One of many remarkable things about Guest’s poetry, and this collection in particular, is that within the sparseness, the words chosen as darts, exacting arrows, there is music as precise language and the idea of the poems’ existence on a continually expanding plane. The brilliance is in accepting, as Guest would have it, a poem as the art event itself. The poem as permeable and inviting as an actual visual field: a canvas. A ‘miniature’ as capable of eliciting both ardor and awe. Perhaps more than ever before, Guest has revealed herself as a poet engaged in the act of creating the miniature world that we, as readers, are simultaneously in the act of encountering. There is something very immediate, alive and mysterious about these poems. Her deft hand is apparent throughout this book as the overt composer of these syntactical minuets.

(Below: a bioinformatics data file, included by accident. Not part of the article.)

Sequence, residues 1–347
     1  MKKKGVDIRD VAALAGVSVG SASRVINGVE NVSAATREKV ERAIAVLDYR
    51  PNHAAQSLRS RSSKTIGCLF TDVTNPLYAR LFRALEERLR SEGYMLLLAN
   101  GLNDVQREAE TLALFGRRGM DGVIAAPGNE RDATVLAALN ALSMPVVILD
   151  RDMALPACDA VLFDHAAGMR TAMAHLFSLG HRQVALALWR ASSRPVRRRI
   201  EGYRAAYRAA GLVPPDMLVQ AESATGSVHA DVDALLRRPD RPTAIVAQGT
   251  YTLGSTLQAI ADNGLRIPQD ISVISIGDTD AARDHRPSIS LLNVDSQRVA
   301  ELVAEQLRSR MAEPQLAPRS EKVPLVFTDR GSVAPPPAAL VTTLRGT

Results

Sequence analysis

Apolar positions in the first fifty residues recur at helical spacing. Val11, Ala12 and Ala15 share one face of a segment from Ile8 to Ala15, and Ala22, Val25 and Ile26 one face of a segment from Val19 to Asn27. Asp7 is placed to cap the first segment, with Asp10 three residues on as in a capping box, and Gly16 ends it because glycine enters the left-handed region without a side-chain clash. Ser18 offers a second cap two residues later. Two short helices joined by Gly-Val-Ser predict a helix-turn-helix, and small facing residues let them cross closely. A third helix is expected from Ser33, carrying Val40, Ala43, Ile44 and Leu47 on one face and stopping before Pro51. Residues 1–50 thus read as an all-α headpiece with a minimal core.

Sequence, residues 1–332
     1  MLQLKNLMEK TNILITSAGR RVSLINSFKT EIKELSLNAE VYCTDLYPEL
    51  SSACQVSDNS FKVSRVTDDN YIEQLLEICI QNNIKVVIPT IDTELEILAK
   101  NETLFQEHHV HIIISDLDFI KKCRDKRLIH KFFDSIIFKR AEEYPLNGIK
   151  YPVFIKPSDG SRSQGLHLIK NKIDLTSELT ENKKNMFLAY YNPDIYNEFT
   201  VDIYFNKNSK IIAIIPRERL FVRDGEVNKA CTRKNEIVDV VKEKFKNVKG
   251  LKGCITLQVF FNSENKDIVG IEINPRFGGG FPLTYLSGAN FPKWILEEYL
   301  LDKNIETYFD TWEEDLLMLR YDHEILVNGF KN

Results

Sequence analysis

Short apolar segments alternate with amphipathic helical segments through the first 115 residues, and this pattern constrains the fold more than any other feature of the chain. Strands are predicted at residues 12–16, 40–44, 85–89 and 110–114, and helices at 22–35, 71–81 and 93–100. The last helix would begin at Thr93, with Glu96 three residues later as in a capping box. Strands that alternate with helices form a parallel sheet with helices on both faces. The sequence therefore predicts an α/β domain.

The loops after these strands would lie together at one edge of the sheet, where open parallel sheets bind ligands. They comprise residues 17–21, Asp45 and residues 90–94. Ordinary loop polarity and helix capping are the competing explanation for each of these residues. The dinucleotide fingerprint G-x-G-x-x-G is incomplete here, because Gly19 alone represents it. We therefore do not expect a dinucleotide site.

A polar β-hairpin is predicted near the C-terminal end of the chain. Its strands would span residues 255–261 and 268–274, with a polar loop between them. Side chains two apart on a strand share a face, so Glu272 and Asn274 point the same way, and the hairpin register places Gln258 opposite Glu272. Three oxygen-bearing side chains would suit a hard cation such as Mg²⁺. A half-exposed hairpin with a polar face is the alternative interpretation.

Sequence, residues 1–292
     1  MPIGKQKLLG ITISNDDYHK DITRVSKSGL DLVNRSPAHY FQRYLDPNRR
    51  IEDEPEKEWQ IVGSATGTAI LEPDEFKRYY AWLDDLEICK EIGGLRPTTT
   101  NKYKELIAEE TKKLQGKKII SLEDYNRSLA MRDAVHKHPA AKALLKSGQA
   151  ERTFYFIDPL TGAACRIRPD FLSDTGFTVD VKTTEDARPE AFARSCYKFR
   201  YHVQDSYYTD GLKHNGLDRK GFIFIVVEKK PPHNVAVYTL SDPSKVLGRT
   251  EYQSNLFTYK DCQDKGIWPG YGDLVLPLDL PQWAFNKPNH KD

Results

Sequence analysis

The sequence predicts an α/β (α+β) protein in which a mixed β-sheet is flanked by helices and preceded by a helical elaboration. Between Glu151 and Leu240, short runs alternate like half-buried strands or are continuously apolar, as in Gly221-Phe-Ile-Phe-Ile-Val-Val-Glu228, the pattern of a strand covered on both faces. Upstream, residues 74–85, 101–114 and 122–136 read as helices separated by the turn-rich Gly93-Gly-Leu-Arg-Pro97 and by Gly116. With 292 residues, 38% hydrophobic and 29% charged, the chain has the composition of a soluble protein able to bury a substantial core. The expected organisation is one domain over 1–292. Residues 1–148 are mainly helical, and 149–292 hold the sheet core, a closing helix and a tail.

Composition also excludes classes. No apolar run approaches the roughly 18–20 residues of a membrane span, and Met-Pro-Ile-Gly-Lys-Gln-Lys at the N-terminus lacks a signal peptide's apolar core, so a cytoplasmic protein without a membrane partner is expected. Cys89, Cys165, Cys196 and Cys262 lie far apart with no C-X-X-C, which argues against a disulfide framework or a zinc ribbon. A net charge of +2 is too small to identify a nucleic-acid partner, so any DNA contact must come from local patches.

Barbara Guest has had a long and prolific career. At the beginning of the 21st Century and at what could be conceived of as the twilight of both her life and poetic endeavors, Guest continues to publish regularly. A collection of essays, Forces of Imagination: Writing on Writing (Kelsey St. Press, 2002) and Miniatures and Other Poems were both published last year. Each collection reveals Guest to be more adroit than ever, in both her poetics and her poems. From her earliest book, The Location of Things (Tibor de Nagy, 1960) to these latest publications, Guest has amassed a large body of work including poetry (to name a few: Fair Realism, Sun and Moon, 1989; The Countess from Minneapolis, Burning Deck, 1976; Moscow Mansions, Viking, 1973), works of fiction (Seeking Air, Black Sparrow, 1977), biography (Herself Defined: The Poet H.D. and Her World, Doubleday, 1984), and books such as Rocks on a Platter (Wesleyan, 1999) which blur the edges of genres such as poetry and essay. Many of her books are collaborations with visual artists. The range and number of these books poses the question of when a Collected Barbara Guest might be published. It would be remarkable, to say the least, for Guest herself to have a voice in the arrangement of this imagined collection, as ideas of composition, blurred edges and authorial intent are pervasive themes in her latest book, Miniatures and Other Poems.